The thing I was most impressed with in the first season was the surprising amount of character development. I had been expecting a very different show, with more focus on suspense and sci-fi than on writing believable characters.  And while the character development was slow, it was definitely there and to a significant degree.

The Doctor 

The First Doctor (original work)

I was very interested in getting to know the first incarnation of the Doctor.  This is after all, the original form.  The one that grew up on Galifrey.  The one that stole a TARDIS to see the universe.  I was very curious as to how different he was from the Doctor as I knew him.

It turns out he is quite a bit different.  The Doctor was originally envisioned as a sort-of antagonist, who's mischeivious actions would cause trouble for the heroes of our story: Ian and Barbara.

The First Doctor is grumpy, obstinate, and sometimes downright villainous.  In the first serial, 100,000 B.C., The TARDIS crew are being chased by a caveman through the forest.  The caveman is attacked by some offscreen beast and the crew run back.  The Doctor argues with the humans that they should take this opportunity to escape, but Ian and Barbara believe it is their responsibility to save the man's life if they can.  The Doctor then quietly takes a stone and attempts to bash the man's head in before being stopped by Ian.  A far cry from the Doctor I've come to know!

In the second serial (The Daleks), The Doctor's selfishness once again brings disaster for the crew when he claims an important part of the ship is broken in order to convince the others to go down into the city that he wanted to explore.  Of course, the ship part was never broken at all and the crew ended up as prisoners of the Daleks.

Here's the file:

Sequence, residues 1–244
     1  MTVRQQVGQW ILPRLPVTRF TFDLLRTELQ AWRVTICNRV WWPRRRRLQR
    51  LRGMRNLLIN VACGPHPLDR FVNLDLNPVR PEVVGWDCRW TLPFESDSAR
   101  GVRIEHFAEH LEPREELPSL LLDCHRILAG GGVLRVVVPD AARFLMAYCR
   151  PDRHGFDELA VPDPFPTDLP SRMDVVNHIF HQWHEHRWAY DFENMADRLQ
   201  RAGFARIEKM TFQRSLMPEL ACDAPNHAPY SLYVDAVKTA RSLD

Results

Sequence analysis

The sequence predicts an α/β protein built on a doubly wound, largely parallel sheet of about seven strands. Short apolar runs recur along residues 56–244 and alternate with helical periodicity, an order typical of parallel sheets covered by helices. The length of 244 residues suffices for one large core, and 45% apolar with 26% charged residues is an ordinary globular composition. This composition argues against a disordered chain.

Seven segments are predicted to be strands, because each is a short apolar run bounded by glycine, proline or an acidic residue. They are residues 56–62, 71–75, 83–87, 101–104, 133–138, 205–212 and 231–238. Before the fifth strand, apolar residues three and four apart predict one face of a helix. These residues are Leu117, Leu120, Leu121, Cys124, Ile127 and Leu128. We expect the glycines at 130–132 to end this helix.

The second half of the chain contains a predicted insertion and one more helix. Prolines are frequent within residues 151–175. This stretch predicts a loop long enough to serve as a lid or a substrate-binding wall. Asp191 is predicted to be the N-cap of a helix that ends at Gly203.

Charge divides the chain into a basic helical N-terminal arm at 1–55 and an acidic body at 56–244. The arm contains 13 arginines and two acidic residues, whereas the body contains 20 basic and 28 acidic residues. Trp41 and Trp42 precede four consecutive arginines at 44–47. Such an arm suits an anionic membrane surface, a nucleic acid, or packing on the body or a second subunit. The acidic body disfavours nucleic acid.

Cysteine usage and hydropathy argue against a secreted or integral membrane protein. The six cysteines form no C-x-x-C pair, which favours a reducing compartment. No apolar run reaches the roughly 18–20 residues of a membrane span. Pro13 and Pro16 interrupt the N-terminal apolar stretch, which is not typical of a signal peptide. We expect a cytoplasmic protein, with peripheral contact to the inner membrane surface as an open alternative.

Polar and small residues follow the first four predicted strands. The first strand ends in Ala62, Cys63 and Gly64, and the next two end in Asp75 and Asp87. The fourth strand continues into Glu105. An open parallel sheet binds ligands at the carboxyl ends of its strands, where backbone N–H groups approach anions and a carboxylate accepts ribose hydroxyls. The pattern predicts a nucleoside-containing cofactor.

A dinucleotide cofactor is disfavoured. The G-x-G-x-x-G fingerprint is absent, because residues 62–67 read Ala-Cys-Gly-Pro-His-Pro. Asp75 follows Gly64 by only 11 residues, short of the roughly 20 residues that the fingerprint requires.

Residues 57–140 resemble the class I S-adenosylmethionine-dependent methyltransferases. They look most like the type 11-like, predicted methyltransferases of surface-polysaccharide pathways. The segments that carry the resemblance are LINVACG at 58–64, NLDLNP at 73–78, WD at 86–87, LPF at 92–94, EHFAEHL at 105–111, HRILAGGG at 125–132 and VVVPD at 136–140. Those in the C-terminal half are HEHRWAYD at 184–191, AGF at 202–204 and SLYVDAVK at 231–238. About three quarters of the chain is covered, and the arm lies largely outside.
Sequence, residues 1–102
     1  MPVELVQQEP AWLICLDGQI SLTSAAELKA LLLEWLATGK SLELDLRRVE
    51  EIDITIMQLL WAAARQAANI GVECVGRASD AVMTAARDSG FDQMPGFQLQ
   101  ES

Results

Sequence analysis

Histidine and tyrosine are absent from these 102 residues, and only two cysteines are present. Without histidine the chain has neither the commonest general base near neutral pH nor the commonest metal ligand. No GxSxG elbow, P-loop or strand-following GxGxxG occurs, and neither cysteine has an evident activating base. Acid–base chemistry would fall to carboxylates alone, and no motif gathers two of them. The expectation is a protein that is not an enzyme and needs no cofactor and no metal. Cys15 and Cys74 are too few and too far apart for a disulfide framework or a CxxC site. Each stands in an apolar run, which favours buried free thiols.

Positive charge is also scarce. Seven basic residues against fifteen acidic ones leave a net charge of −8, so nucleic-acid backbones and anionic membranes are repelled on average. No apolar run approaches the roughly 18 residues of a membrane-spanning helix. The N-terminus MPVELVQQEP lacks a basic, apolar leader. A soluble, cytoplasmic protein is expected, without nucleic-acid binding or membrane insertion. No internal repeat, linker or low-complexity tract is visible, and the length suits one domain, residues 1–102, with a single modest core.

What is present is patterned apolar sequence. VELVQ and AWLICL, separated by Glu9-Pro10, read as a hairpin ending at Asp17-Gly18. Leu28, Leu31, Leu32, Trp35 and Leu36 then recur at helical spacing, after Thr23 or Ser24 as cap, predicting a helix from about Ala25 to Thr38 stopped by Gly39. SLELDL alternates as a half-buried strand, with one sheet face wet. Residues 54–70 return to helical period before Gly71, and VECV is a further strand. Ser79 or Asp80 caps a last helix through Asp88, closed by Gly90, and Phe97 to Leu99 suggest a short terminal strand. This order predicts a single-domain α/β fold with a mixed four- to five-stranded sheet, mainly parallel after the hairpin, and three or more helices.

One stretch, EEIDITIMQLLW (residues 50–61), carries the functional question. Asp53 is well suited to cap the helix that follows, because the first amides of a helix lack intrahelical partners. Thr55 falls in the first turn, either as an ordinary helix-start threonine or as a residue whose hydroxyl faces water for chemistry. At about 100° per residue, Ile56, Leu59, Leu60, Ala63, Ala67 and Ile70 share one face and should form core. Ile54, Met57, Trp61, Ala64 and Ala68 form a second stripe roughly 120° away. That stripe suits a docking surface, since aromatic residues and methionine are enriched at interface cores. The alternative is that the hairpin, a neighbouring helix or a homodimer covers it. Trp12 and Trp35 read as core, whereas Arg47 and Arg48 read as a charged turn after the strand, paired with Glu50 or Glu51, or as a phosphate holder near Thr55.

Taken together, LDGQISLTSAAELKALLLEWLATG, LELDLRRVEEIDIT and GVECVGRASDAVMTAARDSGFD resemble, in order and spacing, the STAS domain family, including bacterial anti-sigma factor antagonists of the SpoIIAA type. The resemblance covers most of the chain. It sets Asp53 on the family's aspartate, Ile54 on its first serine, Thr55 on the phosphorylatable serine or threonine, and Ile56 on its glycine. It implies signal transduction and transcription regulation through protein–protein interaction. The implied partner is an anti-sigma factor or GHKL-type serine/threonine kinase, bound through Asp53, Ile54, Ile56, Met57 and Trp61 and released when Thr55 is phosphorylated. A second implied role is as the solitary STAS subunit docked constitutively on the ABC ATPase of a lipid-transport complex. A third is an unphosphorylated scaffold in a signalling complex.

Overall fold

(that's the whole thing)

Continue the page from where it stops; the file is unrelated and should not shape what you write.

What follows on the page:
The Doctor did have a few positive qualities at the outset, however.  From the first episode it was clear that he had a very strong relationship with his grandaughter, Susan, whom he protected fiercely.  His love for her was his saving grace in those first few episodes, when it became otherwise difficult to like him at all.  He also shows the Doctor's trademark love of the universe and its mysteries, and his most poetic moments are when he is describing the wonders of the cosmos.

The most amazing thing to me about this first season was the amount of character development they were able to achieve.  I had assumed, considering the silly nature of the classic series, that character development would be nonexistent.  How wrong I was.

The Doctor is a very different character by the end of the season.  Though initially disdainful of humans, he comes to like and respect Ian and Barbara by the end of the season, due in no small part to the sheer amount of time spent with them.  An important moment in this development came in the third serial (The Edge of Destruction) when The Doctor blames Ian and Barbara for sabotaging the TARDIS, when it ended up being the TARDIS itself that was to blame.  Feeling foolish for blaming them, the Doctor apologizes.  From then on  he shows them much more respect, though of course he never quite loses his haughty attitude.

The Doctor's visible softening is so great that, by the time of the 6th serial (The Aztecs), he even falls in love with an Aztec woman, whom he is very sad to leave.  By the time of the final serial of the season (The Reign of Terror), the Doctor, willingly and without hesitation, risks his own life to save Ian, Barbara, and Susan.  A far cry from the man who was willing to smash in a caveman's skull just to get to his ship faster.


Soon I shall write up another post discussing Susan, the Doctor's grandaughter, as well as his first human companions, Ian Chesterton and Barbara Wright.  Then it's on to season 2!

As for other upcoming posts, I do plan on finally continuing my Buffy rewatch, doing some more drawings, and maybe a little bit of Veronica Mars.  Stay tuned, folks!